The expansion of missions, both foreign and domestic, has been phenomenal. By radio the Christian Reformed Church now proclaims the Reformed faith to people around the world. The hand of mercy, which was weak twenty-five years ago, is now extended on a world-wide basis through the World Relief Committee. Even the size of the denomination has increased significantly during the last twentyfive years. Using the statistics of the 1951 and the 1975 Yearbooks we note that the number of families increased from 37,102 to 63,645 and the number of members from 154,950 to 280,910.

For all these things we are grateful. Many more blessings were received than we are able to enumerate. It is important that we recognize the good hand of our God over us in these past years. “Forget not all His benefits.”

However, we are still in the militant church. God has blessed faithful and obedient work in the past and He will continue to do so in the future. We are called to faithfulness and obedience, and anything less than that will not receive Divine approval. Twenty-five years of history should teach us gratitude for the blessings received and make us alert to the dangers which threaten. The faithfulness of our God should make us zealous for the purity of His church here on earth.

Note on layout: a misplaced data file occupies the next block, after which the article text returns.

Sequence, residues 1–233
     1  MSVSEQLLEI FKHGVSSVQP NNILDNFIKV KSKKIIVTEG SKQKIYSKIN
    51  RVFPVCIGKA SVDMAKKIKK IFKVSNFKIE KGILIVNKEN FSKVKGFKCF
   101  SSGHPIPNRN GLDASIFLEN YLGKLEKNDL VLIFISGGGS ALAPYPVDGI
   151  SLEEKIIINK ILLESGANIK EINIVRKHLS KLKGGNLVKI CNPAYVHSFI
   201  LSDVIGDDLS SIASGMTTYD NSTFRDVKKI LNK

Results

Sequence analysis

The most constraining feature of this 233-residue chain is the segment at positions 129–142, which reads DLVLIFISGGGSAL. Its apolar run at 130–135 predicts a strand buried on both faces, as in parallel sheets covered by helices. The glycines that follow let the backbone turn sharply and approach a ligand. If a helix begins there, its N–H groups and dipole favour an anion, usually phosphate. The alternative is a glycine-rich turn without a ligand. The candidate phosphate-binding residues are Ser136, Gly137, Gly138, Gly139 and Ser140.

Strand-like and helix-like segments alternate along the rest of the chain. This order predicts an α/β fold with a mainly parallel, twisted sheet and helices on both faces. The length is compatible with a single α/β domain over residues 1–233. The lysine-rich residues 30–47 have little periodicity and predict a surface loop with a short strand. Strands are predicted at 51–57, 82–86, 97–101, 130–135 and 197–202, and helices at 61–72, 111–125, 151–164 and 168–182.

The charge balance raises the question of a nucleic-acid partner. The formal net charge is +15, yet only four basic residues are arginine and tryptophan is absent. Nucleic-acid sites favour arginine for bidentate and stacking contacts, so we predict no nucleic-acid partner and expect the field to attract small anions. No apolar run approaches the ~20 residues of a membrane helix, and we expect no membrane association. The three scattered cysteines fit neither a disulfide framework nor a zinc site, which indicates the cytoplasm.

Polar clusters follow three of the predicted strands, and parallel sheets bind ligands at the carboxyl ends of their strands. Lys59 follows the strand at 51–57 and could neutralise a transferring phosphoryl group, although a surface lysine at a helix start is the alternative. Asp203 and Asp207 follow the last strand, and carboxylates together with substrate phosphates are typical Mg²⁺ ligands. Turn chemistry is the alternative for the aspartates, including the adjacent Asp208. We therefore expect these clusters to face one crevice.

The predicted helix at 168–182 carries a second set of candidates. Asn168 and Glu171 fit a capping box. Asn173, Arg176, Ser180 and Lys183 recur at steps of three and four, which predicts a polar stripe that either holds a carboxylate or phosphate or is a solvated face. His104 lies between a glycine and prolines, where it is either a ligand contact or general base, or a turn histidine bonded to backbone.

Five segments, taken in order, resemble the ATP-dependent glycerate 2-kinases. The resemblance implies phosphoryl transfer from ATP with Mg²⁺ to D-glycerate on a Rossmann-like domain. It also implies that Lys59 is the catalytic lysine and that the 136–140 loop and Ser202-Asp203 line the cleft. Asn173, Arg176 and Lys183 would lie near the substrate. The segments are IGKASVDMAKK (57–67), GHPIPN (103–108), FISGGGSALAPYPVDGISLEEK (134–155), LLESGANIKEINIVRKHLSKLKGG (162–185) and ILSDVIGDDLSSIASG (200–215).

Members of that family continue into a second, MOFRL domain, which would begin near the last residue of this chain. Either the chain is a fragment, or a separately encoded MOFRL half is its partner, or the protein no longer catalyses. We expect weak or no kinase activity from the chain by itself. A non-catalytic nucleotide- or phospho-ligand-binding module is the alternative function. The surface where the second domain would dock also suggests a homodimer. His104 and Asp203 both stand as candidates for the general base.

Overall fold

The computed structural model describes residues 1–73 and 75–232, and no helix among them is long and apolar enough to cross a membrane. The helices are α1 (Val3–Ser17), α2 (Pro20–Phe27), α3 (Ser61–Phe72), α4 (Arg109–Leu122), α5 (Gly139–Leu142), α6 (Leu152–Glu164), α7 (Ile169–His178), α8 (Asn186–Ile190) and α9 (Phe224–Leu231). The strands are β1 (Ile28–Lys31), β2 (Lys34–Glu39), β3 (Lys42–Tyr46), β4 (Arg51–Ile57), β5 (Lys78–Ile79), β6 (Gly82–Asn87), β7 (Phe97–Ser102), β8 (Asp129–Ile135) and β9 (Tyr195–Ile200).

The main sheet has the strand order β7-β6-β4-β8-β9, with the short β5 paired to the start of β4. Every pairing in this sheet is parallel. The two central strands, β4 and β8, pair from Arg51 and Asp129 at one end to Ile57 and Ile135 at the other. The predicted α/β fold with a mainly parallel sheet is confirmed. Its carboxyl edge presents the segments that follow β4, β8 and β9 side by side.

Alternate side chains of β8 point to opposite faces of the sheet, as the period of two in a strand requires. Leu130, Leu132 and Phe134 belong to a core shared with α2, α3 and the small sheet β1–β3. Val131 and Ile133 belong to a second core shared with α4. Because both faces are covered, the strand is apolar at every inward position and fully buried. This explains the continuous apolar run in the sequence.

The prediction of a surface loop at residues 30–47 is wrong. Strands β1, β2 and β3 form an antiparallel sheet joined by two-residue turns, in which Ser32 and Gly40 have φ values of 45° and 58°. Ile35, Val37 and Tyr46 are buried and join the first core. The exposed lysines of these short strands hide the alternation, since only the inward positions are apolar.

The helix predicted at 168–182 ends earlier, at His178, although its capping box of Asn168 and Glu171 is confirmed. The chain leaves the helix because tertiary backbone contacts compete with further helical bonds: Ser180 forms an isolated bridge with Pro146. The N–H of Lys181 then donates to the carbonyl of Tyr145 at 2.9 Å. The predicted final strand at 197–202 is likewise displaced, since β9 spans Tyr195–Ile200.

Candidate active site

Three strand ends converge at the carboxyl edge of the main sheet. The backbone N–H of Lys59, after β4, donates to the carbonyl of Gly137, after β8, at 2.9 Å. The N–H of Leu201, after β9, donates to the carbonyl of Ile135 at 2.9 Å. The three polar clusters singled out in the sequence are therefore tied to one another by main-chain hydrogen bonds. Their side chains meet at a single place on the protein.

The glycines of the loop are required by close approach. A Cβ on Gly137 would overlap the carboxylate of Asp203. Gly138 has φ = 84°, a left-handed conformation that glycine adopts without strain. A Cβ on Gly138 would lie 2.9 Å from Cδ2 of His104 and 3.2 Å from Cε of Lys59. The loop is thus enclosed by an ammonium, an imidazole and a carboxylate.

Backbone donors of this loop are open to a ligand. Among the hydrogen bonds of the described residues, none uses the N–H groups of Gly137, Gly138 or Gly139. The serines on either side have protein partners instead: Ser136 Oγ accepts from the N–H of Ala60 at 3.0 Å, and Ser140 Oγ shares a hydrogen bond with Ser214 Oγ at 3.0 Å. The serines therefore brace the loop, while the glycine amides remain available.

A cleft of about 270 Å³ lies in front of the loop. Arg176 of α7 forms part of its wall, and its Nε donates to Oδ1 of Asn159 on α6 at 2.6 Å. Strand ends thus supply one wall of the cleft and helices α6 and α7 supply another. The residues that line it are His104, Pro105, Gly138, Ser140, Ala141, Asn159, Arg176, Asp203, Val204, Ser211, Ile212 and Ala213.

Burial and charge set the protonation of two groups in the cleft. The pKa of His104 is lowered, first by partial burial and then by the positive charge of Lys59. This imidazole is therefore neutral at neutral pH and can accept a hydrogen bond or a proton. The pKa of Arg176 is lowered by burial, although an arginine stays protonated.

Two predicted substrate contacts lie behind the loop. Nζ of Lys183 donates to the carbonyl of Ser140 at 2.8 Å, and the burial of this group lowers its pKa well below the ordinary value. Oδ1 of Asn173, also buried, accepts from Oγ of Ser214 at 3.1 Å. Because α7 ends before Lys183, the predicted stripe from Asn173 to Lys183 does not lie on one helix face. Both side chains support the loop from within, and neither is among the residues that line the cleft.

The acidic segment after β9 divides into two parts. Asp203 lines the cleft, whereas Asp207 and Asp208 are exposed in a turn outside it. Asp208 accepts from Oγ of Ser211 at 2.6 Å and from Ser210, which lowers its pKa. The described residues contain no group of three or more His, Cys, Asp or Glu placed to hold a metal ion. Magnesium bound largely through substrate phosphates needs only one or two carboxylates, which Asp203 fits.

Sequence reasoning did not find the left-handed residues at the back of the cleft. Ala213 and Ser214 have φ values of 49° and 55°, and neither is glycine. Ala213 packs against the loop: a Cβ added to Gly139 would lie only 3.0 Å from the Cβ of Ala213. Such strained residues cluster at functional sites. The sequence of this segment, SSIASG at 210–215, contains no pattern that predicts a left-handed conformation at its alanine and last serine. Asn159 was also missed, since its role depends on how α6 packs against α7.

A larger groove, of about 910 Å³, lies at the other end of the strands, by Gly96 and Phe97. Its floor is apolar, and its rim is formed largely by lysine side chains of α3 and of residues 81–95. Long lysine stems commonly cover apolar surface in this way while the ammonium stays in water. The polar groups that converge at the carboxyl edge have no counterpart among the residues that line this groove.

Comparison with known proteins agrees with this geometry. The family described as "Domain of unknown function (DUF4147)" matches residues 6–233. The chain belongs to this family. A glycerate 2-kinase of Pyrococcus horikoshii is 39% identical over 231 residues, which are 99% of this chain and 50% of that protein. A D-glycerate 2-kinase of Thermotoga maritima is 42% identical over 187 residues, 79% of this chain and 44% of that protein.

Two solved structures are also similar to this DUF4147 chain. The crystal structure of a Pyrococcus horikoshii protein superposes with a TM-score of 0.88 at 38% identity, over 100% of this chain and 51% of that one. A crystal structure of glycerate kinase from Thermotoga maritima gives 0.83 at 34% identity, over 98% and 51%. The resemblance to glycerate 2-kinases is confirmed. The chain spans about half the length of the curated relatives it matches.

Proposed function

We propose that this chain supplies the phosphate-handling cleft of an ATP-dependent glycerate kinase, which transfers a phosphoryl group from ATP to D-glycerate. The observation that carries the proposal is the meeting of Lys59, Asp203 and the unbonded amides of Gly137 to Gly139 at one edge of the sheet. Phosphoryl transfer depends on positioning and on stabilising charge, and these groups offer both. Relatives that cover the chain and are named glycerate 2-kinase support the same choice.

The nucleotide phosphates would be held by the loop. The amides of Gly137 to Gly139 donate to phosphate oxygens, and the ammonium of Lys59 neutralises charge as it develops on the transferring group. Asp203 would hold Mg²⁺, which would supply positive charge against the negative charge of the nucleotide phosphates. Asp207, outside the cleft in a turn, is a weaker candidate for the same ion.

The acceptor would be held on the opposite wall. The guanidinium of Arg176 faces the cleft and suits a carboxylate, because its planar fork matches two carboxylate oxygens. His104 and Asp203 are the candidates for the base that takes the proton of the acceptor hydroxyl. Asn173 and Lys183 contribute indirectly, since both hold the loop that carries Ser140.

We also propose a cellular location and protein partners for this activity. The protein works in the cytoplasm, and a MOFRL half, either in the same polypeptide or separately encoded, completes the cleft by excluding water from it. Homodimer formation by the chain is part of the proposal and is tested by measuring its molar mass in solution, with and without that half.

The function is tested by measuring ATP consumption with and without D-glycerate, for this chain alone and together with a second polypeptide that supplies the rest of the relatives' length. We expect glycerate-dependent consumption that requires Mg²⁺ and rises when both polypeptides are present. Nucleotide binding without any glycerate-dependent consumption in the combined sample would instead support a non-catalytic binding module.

As we see it, there is indeed reason for concern regarding the Christian Reformed Church in the light of some of the emphases which have come to the fore in the past quarter century. Has the church lost her first love? Who would be able to answer this question? Yet, it is the question the church may not ignore. The exalted Christ has many good things to say about the church in Ephesus—its external deportment was good and its activities were many but the church was in danger of extinction because the first love was no longer present. What is that “first love”? It is that ardent love to the Christ which is ready to bear all things for His name’s sake. It is that zeal for His cause here on earth so that nothing may interfere with its prosperity. Our fathers sought to be Reformed in all things, to be able to give expression to that love and zeal. They were ready to be maligned and persecuted for the Reformed faith. Is that also true of the present generation? How many people leave our churches for reasons of marriage or convenience of distance?